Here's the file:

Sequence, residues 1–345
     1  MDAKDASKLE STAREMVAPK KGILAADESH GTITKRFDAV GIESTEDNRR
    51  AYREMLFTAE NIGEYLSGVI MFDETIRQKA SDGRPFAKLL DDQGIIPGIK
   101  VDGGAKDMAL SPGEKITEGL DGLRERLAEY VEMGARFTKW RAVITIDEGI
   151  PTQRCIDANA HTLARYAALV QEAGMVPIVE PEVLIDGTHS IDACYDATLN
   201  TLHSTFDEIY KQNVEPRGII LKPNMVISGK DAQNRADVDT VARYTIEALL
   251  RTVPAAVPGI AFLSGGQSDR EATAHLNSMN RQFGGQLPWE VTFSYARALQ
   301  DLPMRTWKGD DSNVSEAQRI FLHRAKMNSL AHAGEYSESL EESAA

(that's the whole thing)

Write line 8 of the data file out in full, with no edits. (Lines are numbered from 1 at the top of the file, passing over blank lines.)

   301  DLPMRTWKGD DSNVSEAQRI FLHRAKMNSL AHAGEYSESL EESAA